Snow is only positive under extremely rarefied, specific conditions; it's very unlikely that all of these conditions will occur simultaneously. Here are those conditions:
1) You are at home.
2) You are possessed of an unobstructed view by which you might, palms on chin, contemplate thousands of snowflakes tumbling to Earth for an extended period of time.
3) You are feeling hale and hearty.
4) There is plenty of food at hand, and stuff you want to read or watch on television.
5) You do not have to leave your domicile, or really want to.
6) There is adequate heat available.
7) You are not working from home.
8) You are not worried about anything.
9) You are not mildly depressed.
Unless you are seven years old, these stars will not align for you; no one reading this article is under the age of 15, so, you know what? Fuck snow, seriously.
Snow is fun for about five minutes, then I'm over it. For those five minutes I'm stunned silent by the miracle of freeze-dried precipitation, then it's on to some other distraction or problem until I have to go outside. It snowed up here the other day for a good long while, kind of leveled off, and then turned to rain. All of this coincided with an all-encompassing personal exhaustion, body aches, and an upset stomach, which may have curdled my fascination for this change in the weather, which came bundled with cuttingly low temperatures.
Snow is neat to look at, but not to trudge through, as I did when I wandered downtown at lunch to grab some essentials at CVS because unless there was some emergency there was no way I was cleaning off my car (since moving back north I haven't acquired a scraper). It's hard to see, which has the effect of rolling back whatever pedestrians achieve via wintry weather because what's forcing drivers to check their speed is forcing you to check yours. There is a definite pedestrian-walking-in-snow-humor, though, which is where everyone is squinting and stiff and pinched, moving a measured swiftness but gingerly, too, because nobody wants to be out there longer than they have to but nobody wants to fall and break a hip, either; I found this amusing until I realized that I probably looked the same way to everyone I was passing. From a middle distance, snow makes everybody look like a hobo, desperate and hunched.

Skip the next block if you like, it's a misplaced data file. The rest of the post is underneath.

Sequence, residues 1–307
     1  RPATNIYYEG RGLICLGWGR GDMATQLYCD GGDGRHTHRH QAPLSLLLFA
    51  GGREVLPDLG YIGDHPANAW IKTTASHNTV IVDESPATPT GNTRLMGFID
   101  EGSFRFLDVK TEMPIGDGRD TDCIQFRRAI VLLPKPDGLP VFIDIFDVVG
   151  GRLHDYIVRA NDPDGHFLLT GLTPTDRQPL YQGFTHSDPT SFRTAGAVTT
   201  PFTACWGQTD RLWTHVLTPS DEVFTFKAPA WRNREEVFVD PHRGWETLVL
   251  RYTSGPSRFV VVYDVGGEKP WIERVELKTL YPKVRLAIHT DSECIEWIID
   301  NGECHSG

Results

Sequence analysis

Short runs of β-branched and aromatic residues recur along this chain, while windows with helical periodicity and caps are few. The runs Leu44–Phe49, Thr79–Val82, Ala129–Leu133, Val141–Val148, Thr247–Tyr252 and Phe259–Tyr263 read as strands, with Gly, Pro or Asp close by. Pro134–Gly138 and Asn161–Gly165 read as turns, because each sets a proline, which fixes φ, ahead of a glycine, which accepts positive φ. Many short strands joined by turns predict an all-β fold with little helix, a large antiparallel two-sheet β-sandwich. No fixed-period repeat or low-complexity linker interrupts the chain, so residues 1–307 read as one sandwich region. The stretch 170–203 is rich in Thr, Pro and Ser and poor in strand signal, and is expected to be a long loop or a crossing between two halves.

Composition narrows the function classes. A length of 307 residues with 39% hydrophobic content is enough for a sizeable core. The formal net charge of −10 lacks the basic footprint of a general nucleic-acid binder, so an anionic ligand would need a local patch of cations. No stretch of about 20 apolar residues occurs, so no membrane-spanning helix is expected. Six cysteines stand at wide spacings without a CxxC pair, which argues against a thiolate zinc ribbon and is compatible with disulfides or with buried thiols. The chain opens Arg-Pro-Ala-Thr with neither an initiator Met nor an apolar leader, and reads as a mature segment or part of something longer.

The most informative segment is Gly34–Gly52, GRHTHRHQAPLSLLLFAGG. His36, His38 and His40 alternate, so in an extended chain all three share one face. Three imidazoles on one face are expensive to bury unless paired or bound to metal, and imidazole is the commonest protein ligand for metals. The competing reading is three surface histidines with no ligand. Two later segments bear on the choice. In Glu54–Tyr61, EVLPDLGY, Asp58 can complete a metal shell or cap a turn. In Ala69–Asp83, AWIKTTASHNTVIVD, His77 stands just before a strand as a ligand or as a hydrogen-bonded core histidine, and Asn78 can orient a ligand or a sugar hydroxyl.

A couple of hours later, the rain showed up, transforming the act of going anywhere from a cautious novelty into an act of fool-heartiness, because of how insanely cold it was. Hulking dump trucks spilled salt all over the side streets, and rain turned that fresh, powder snow into gross gray puddles of sludge. Perhaps my loathing of snow is tied, in part, to the realization that eventually it will disappear, in some cases far more quickly than in others, leaving behind a messy reminder of the purity and promise it seemed to carry with it, at first. A lot like so much of life.